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All you need to know about aquaplaning

One of the key roles of a tyre is to drain water off the contact patch when driving on wet roads.

How is aquaplaning produced?

Aquaplaning takes place when water separates the tread of the tyre from the road. it gathers insides the tread depth and creates a layer. When pressure is so high that water is no longer drained, the tyre loses contact with the road. It becomes nearly impossible to stay in control of the vehicle.

What are the causes of aquaplaning ?

One of the main causes leading to aquaplaning is the extent to which the tyre is worn out. The shallower the tread pattern, the harder it becomes to drain water off. Contact with the road decreases progressively which makes the car liable to aquaplaning when braking, accelerating, etc

A step by step approach to aquaplaning
Step 1
Moderate rain, steady speed : the risks of aquaplaning are limited. Water dispersal is done efficiently and contact with the road is optimal.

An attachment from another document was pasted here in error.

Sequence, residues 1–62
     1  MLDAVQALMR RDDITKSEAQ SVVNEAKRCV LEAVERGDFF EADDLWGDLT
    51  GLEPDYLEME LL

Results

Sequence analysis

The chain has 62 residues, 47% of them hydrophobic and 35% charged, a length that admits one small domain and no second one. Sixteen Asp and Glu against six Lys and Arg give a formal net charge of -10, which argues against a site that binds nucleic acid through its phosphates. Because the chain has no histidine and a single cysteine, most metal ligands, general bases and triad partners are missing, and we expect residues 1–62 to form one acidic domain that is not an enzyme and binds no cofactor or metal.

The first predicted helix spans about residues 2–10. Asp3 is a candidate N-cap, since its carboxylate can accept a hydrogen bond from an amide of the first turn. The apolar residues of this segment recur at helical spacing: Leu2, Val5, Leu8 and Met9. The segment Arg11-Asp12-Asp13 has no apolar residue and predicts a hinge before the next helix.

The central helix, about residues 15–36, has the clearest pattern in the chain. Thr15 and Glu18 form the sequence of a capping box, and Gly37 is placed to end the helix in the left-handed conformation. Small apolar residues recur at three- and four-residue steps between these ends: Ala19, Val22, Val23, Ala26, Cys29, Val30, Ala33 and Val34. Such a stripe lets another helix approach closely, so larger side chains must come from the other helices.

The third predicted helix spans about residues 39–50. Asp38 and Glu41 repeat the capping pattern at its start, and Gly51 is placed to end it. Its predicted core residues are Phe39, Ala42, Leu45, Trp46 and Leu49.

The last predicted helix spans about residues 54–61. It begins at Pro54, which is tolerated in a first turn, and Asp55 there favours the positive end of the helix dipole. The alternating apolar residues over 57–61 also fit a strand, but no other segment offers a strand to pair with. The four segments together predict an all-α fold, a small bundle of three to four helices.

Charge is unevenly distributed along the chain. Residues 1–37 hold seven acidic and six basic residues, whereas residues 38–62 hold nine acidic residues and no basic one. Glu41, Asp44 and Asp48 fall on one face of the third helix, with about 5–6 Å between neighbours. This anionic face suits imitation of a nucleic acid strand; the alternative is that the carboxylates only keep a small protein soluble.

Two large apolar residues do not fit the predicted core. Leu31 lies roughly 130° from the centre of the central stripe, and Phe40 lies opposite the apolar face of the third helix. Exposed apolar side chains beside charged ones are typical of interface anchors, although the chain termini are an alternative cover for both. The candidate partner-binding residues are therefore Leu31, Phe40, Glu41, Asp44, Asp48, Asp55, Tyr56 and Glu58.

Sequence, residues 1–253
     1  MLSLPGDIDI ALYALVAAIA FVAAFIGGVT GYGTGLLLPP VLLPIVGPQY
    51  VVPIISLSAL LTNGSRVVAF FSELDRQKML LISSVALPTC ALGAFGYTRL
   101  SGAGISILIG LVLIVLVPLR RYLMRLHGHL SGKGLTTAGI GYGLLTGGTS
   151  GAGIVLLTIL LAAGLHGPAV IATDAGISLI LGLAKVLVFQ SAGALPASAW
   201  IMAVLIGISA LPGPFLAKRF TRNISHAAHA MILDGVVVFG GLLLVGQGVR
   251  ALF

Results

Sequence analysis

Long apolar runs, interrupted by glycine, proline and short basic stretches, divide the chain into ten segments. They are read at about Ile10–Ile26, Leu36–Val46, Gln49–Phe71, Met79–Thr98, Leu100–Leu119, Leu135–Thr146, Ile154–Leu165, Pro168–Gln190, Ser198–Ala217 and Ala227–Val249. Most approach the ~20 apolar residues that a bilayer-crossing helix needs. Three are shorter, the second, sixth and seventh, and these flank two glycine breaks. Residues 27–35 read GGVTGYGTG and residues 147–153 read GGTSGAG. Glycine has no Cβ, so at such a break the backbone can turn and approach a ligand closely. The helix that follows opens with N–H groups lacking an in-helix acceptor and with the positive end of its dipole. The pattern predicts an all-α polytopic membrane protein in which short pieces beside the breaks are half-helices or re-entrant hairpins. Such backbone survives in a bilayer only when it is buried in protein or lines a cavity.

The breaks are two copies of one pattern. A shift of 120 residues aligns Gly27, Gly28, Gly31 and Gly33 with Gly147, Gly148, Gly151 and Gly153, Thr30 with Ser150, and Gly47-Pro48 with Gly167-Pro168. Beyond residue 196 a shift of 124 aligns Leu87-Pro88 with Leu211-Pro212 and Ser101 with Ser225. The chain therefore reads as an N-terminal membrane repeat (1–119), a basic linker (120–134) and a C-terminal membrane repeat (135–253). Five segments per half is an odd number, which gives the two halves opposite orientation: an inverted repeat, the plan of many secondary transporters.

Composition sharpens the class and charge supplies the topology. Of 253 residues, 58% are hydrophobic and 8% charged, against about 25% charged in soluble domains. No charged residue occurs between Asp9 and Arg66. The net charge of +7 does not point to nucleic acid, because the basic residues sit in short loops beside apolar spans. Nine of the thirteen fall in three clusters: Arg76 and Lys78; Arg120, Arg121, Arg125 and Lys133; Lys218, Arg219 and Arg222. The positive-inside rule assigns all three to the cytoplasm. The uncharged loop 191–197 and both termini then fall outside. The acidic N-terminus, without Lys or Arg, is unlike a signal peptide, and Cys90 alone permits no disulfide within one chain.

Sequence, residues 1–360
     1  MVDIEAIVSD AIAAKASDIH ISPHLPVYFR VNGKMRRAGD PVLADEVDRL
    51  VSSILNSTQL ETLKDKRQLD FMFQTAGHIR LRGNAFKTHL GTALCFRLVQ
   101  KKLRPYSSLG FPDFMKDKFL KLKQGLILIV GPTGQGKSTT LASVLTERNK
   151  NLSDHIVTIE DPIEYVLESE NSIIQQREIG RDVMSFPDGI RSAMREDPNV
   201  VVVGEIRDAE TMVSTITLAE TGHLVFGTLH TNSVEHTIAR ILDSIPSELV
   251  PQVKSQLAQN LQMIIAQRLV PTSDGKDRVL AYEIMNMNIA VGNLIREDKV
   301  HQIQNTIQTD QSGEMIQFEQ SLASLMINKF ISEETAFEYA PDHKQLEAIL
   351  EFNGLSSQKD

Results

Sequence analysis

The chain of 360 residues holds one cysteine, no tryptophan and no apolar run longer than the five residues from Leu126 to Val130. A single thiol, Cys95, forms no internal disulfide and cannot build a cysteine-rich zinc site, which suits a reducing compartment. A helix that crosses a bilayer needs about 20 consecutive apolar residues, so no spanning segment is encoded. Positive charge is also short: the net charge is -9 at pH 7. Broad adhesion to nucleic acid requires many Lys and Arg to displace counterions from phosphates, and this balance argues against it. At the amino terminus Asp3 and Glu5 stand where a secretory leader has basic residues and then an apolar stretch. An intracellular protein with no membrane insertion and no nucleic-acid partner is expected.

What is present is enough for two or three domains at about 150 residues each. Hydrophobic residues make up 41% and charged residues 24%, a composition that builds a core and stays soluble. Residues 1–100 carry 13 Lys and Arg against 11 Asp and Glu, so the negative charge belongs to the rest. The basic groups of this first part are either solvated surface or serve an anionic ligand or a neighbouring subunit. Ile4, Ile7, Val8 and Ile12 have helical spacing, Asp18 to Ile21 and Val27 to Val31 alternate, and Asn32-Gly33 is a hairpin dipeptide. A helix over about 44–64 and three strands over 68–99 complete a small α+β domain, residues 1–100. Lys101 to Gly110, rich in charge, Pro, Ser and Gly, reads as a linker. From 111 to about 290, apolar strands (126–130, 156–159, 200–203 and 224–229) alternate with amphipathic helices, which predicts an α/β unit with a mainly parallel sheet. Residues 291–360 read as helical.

Step 2
Low drainage, High speed, the quantiy of water on the road increases The tyre is now facing difficulties to drain water off.
Step 3
The tread is flooded, a thick layer of water gathers between the road and the contact patch, grip is lost and the car starts sliding.

The risks of underinflation

Underinflated tyres significantly increase the risk of aquaplaning.

Tyre pressure Speed Explanation
2.4 bar (35psi) 60miles/h The tread ( in dark in the picture) is completely in contact with the road.
2.4 bar (35 psi) 60miles/h The contact patch is reduced but water drainage is efficiently carried out thanks to the tread depth .
2 bar (30 psi) 60miles/h The contact patch is reduced, heightened risks of aquaplaning.
1.7 bar (25 psi) 60miles/h Water gathers under the tyre, contact with the road is practically inexistant, control of the car is lost.